Practical Exercise:  On your own sailing vessel or one that is available to you, check your jack lines, life lines and harnesses for wear and tear.  Check drogues, warps or sea anchors for wear.  Check your foul weather gear and make sure that it is properly labeled.  Check your reefing lines, stays and shrouds for excess wear.  Mark your jib car leads at 5 knot increments.  Check your electronic instrumentation, anti-syphon valves, fire extinguishers, and other safety equipment to make sure that it is all in proper working order.

Sailing Maneuvers

Sail Trim

If sails are trimmed properly, the course that will normally result in the greatest sailing speed would be the course with the wind off either quarter.  When steering a sailboat, the direction of the wind determines the method of changing directions.  The relationship between the vessel’s heading and the direction of the wind has a set of standard names and is called The Points of Sail.  They include: Into the wind, Close-hauled, Beam reach, Broad reach, and Run.

It is an important safety aspect of sailing to adjust the amount of sail to suit the wind conditions. As the wind increases, the amount of sail should be reduced. Reefing means reducing the area of a sail without changing the sail out for a smaller one.

Telltales are wind direction indicators that are mounted on the rigging. Since wind can’t be seen, telltales reveal the actions of the wind. These can be yarn, ribbon, or pieces of cloth. It is best not to place telltales near seams as they can get caught on the seams.

Heading up (luffing) means steering so the wind is coming from directly in front, or closer. This requires trimming the sails. Heading up so the wind is directly ahead causes sails to luff, or flutter. A vessel is said to be in irons if it loses maneuverability due to luffing. Tacking, or coming about, is one of the basic turning techniques where the direction of the vessel is changed by using the rigging so that the wind comes from the other side of the vessel. A sailing vessel with the wind coming over the port side is said to be on port tack. Conversely, a sailing vessel with the wind coming over the starboard side is said to be on a starboard tack. A reaching course is one in which the wind comes over an area extending from the bow to the quarter. If a vessel is sailing on a close reach and a strong wind heels the vessel hard over to one side, you can reduce the heeling yet maintain your speed by easing the mainsheet and bear more away from the wind. With sails properly trimmed while on a reaching course you change to a close-hauled course. This will cause a greater heeling force to leeward and a decrease of speed. It will require you to sheet-in to maintain sailing force forward. Running is sailing the vessel within 30 degrees of either side of dead downwind. A method by which you can temporarily slow or stop a vessel is to bring the vessel’s head into the wind and let the sails luff. When shifting to a course where the wind comes more from astern, easing the main outhaul would allow the sail to catch more wind.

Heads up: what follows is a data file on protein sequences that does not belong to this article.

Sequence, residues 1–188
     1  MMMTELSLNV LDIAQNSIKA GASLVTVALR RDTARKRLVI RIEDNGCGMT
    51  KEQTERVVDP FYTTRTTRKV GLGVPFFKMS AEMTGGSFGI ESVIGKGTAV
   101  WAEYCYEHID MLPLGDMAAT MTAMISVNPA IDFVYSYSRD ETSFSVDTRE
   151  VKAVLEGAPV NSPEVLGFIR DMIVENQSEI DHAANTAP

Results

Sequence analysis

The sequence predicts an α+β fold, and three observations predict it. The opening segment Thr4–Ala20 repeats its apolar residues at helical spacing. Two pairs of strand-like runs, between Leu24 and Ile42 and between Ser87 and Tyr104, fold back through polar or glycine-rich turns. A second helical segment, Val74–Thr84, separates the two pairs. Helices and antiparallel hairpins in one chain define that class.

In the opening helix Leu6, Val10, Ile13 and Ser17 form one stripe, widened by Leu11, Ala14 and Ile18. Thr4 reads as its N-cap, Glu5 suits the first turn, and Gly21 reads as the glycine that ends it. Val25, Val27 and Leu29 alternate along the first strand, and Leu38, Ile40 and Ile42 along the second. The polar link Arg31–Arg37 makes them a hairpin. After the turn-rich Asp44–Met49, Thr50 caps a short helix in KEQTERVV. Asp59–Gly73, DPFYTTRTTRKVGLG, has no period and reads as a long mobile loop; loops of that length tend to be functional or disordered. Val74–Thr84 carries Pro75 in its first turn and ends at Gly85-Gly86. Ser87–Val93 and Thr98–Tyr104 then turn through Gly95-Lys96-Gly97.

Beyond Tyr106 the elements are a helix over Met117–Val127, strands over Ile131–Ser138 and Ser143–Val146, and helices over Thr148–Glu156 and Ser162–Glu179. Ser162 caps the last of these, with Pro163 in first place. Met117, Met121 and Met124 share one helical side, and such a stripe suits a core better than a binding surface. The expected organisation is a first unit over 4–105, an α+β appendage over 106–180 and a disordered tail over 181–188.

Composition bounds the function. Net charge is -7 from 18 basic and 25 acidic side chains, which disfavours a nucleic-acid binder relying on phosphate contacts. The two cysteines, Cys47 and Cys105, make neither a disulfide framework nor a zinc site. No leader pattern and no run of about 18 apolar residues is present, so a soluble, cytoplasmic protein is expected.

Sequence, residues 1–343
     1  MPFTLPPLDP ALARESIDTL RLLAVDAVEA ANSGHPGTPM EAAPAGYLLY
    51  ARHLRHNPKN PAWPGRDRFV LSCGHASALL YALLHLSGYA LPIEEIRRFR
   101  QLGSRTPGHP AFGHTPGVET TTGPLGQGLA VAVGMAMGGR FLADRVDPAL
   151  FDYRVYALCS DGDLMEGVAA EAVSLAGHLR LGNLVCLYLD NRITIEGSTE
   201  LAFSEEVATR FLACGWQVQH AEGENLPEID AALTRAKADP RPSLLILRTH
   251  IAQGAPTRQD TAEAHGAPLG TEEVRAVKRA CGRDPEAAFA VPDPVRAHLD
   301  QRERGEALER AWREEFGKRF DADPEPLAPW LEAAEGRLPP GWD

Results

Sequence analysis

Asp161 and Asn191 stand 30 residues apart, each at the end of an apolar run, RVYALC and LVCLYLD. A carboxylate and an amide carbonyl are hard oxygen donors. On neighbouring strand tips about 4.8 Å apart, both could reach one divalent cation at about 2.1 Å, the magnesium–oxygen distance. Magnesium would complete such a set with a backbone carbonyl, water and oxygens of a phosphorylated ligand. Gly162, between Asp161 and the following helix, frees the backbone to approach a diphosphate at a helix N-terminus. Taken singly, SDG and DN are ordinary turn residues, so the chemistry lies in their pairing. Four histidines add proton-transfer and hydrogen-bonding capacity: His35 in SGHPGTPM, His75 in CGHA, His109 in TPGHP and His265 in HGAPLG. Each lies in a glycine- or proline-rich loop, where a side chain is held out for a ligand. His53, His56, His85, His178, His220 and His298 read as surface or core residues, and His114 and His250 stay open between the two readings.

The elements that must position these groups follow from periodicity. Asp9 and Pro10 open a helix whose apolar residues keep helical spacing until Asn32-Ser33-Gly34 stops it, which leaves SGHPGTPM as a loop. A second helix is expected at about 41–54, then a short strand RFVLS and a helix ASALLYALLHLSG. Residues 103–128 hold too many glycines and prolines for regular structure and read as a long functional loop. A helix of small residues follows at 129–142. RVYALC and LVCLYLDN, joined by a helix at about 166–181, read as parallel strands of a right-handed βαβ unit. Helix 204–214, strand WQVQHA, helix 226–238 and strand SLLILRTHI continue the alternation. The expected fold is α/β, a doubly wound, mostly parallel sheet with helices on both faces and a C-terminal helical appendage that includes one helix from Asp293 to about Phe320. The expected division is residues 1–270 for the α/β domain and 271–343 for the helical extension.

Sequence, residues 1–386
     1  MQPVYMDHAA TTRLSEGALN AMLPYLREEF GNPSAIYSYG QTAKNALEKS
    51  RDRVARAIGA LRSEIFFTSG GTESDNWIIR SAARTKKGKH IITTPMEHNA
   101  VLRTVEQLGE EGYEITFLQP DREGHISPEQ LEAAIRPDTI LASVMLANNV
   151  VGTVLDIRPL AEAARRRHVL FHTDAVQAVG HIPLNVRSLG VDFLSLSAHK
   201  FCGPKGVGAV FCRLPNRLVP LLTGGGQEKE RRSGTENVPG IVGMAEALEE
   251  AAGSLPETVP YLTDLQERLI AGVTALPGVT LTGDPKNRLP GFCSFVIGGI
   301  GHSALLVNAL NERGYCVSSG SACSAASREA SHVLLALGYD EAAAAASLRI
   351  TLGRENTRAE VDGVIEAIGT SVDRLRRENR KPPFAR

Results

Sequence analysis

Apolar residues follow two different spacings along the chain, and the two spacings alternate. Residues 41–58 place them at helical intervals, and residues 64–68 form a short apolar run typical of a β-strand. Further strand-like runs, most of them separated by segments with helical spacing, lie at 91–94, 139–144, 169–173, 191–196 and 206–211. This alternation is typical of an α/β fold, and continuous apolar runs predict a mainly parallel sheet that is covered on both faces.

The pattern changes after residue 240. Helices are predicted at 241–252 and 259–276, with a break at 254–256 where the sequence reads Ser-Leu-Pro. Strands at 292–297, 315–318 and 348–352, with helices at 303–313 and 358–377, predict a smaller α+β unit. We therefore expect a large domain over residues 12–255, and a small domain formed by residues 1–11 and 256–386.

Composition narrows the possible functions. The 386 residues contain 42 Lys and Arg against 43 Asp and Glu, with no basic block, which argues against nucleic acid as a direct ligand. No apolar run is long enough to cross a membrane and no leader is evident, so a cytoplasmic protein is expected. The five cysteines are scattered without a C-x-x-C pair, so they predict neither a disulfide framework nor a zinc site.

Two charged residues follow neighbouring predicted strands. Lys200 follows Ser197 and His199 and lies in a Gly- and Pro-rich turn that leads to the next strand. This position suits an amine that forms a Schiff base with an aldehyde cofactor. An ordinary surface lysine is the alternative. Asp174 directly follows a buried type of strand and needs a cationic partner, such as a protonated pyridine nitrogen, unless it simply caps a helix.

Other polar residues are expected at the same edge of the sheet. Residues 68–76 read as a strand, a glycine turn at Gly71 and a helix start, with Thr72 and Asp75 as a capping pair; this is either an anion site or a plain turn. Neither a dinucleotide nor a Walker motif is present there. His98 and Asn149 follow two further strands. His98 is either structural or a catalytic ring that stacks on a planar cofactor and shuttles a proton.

In a storm use Engines

Heading down means steering so that the wind is closer to the vessel’s aft. Sails would be eased, or let out. Jibing is a turning maneuver where the wind comes on a different quarter and the boom swings over to the opposite side. An accidental jibe can be dangerous to anyone in the way when the boom swings.

Trim is the fore and aft balance of the vessel on an even keel. This can be accomplished by moving ballast or crew.

Spinnakers allow sailors to achieve maximum speed when sailing off the wind. These work like a kite or a chute and are often called flying sails.

Always pick the most advantageous route.

Practice docking a sail boat under sail under ideal conditions.

“Watch the video on Heavy Weather Sailing as exam questions may come from this video. When sailing in heavy weather, a sea anchor or drogue may be used. A sea anchor is put over the bow to hold your relative position in severe weather. A drogue is put out over the stern to prevent surfing down a wave (yaw) and return control to the rudder.”

Heavy Weather Sailing Part 1

Heavy Weather Sailing Part 2

Heavy Weather Sailing Part 3

Practical Exercise:  Using your own sailing vessel or one that is available to you, practice maneuvers such as Man Overboard Drill and docking under sail alone.  Practice towing a drogue in a following sea to reduce yawing.  Practicing maneuvers under calm conditions will help you prepare for maneuvering in tough conditions.